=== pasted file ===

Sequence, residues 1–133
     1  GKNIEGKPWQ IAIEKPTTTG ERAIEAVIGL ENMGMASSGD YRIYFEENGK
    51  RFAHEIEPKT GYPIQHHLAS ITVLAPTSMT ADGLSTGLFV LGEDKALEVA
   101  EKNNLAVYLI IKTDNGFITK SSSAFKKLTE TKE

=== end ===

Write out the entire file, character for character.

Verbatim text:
Sequence, residues 1–133
     1  GKNIEGKPWQ IAIEKPTTTG ERAIEAVIGL ENMGMASSGD YRIYFEENGK
    51  RFAHEIEPKT GYPIQHHLAS ITVLAPTSMT ADGLSTGLFV LGEDKALEVA
   101  EKNNLAVYLI IKTDNGFITK SSSAFKKLTE TKE